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Basic Matlab/Scilab Instructions

This tour shows some basics about Matlab/Scilab programming.

Contents

Installing toolboxes and setting up the path.

You need to download the following files: signal toolbox and general toolbox.

You need to unzip these toolboxes in your working directory, so that you have toolbox_signal and toolbox_general in your directory.

For Scilab user: you must replace the Matlab comment '%' by its Scilab counterpart '//'.

Recommandation: You should create a text file named for instance numericaltour.sce (in Scilab) or numericaltour.m (in Matlab) to write all the Scilab/Matlab command you want to execute. Then, simply run exec('numericaltour.sce'); (in Scilab) or numericaltour; (in Matlab) to run the commands.

Execute this line only if you are using Matlab.

getd = @(p)path(p,path); % scilab users must *not* execute this

Then you can add the toolboxes to the path.

getd('toolbox_signal/');
getd('toolbox_general/');

Comments

Matlab and Scilab are very similar languages. One of the main difference is that Matlab uses the character % to write comments, whereas Scilab uses the C-like syntax //.

% this is a Matlab comment

It is thus very important, in all the numerical tours, to replace % comments by // comments if you are using Scilab.

Basic Matlab/Scilab commands.

The basic data is a 1D or 2D array.

a = 1; a = 2+1i; % real and complex numbers
b = [1 2 3 4]; % row vector
c = [1; 2; 3; 4]; % column vector
d = 1:2:7; % here one has d=[1 3 5 7]

You an acess one entry of an array, or select a sub-array by indexing.

% display the size
size(d)
% display the first entry
d(1)
% display the sub-array containing entries 1 and 2
d(1:2)
ans =

     1     4


ans =

     1


ans =

     1     3

You can create pre-defined array using some basic functions

% identity, 1 and random matrices
A = eye(4,4);
B = ones(4,4);
C = rand(4,4);
% transpose
c = b';

The multiplication operator * is the matrix multiplication. To actually multiplies each entry of a vector, you need to use .*

% note the difference
D = C*A
D = C.*A
% You can apply functions to each entry of a matrix
E = A./C; % division
E = sin(A); % sinus is applied to each entry
E = abs(A + 1i*C); % modulus of each entry
D =

    0.4218    0.6557    0.6787    0.6555
    0.9157    0.0357    0.7577    0.1712
    0.7922    0.8491    0.7431    0.7060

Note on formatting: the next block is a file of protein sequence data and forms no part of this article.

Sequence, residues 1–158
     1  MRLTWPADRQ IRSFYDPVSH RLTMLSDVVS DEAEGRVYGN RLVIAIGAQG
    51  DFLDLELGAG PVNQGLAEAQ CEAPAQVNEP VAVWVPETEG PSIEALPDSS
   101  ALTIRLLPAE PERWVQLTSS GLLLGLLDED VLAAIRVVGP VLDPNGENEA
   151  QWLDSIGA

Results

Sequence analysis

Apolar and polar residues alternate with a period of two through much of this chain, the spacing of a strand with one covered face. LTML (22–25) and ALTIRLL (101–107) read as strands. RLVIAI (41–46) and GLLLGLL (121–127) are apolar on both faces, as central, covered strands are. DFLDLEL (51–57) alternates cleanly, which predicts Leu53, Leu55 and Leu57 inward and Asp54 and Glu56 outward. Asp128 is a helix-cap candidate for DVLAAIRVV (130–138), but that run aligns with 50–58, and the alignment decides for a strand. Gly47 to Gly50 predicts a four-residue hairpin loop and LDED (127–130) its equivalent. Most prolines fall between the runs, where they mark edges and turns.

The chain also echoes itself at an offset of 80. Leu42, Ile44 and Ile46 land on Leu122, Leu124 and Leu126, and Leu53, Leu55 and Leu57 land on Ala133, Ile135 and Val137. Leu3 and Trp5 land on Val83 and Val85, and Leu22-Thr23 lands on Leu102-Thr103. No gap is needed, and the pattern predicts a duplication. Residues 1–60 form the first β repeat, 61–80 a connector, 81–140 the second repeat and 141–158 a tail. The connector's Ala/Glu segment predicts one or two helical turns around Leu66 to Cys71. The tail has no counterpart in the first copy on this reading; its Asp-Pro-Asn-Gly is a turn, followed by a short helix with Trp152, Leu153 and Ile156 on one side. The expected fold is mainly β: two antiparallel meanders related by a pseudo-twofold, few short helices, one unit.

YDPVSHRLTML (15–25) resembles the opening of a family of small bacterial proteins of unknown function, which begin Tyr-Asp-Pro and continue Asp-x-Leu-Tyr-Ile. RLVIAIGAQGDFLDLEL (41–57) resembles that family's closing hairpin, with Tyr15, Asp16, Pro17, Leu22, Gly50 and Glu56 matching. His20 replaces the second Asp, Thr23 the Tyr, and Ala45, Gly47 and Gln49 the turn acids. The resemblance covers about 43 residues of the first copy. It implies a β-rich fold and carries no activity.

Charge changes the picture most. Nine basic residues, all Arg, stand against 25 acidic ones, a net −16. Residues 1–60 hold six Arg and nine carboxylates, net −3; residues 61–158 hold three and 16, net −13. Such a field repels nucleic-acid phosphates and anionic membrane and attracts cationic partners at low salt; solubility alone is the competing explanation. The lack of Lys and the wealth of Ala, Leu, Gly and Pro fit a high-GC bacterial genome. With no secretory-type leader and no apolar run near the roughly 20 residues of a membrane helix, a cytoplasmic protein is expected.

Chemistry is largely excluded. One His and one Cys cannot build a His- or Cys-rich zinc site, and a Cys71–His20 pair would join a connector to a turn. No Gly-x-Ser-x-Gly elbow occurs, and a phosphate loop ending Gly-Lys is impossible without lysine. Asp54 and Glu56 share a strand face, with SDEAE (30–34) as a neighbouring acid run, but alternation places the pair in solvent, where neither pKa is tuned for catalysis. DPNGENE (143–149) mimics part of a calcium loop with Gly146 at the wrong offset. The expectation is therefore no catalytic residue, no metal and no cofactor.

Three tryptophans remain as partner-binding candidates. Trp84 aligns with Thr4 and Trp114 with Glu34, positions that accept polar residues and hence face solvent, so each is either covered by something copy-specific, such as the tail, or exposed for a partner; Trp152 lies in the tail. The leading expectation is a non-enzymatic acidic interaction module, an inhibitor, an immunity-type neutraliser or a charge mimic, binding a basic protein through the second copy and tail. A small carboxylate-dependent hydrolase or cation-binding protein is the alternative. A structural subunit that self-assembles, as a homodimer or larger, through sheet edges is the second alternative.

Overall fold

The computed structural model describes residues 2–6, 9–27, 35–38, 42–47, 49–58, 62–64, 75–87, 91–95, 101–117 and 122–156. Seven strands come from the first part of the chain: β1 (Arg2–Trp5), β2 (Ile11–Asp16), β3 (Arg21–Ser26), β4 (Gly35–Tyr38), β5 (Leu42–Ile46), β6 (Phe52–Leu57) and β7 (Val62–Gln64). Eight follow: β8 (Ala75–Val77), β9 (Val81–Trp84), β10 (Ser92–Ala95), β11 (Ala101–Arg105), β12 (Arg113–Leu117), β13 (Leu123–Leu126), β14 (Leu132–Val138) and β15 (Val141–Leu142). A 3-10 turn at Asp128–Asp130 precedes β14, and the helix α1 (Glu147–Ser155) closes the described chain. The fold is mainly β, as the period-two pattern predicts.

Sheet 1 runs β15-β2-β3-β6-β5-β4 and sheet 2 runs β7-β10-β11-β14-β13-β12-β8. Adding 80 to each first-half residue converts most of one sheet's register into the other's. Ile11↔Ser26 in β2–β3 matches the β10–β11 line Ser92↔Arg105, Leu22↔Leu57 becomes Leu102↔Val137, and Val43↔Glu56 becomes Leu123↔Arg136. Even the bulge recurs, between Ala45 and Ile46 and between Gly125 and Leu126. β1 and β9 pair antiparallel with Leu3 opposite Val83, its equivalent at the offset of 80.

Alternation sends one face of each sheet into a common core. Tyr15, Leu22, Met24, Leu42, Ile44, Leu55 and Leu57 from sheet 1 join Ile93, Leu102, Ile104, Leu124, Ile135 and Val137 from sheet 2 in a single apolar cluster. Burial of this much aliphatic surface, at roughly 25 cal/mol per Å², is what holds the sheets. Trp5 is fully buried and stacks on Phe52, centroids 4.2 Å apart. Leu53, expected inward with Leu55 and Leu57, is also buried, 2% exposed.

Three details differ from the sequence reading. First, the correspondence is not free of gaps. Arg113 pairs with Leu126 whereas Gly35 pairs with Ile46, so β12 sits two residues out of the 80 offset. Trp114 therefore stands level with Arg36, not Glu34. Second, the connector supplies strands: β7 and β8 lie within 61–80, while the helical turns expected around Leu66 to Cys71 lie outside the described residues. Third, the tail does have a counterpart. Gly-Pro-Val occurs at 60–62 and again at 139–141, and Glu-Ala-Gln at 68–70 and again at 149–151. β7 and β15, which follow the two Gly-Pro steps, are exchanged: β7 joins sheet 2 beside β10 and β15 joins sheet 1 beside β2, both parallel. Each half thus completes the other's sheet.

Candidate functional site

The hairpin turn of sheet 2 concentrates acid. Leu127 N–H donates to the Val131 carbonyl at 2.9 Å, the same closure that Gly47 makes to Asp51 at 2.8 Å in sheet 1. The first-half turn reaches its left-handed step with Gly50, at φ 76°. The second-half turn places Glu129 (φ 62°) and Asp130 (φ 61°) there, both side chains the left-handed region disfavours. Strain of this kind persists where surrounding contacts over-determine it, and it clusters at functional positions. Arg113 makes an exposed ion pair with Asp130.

0.9595    0.9340    0.3922    0.0318


D =

    0.4218         0         0         0
         0    0.0357         0         0
         0         0    0.7431         0
         0         0         0    0.0318

You can modify matrices and arrays in various way.

b = sort(b); % sort values
b = b .* (b>2); % set to zeros (threshold) the values below 2
b(3) = []; % suppress the 3rd entry of a vector
B = [b; b]; % create a matrix of size 2x4
c = B(:,2); % to access 2nd column

Is is possible to access directly the last entry of a vector using the keyword end in Matlab and $ in Scilab.

% The equivalent Scilab code is
%       b($-2:$) = 1;
b(end-2:end) = 1; % to access the last entries

% The equivalent Scilab code is
%       b = b($:-1:1);
b = b(end:-1:1); % reverse a vector

Advanced instructions

disp('Hello'); % display a text
x = 1.23456;
disp( sprintf('Value of x=%.2f', x) ); % print a values with 2 digits
A(A==Inf) = 3; % replace Inf values by 3
A(:); % flatten a matrix into a column vector
max(A(:)); % max of a matrix
% threshold to 0 values below .3.
C = C .* (abs(C)>.3);
Hello
Value of x=1.23

To display information of about a function, use the help command, for instance help perform_wavelet_transf.

Basic programming constructions include for, while and switch instructions.

for i=1:3 % repeat the loop for i=1, i=2, i=3
    disp(i); % make here something
end
i = 3;
while i>0 % while syntax
    disp(i); % do smth
    i = i-1;
end
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Load and visualize signals and images

Load and display an image (download function load_image.m should be in the toolboxes)

n = 256; % size of the image
M = load_image('lena', n);
clf;
imageplot(M);

You can manipulate an image just like an arbitrary array

clf;
imageplot(M(1:50,1:50), 'Zoom', 1,2,1);
imageplot(-M, 'Reversed contrast', 1,2,2);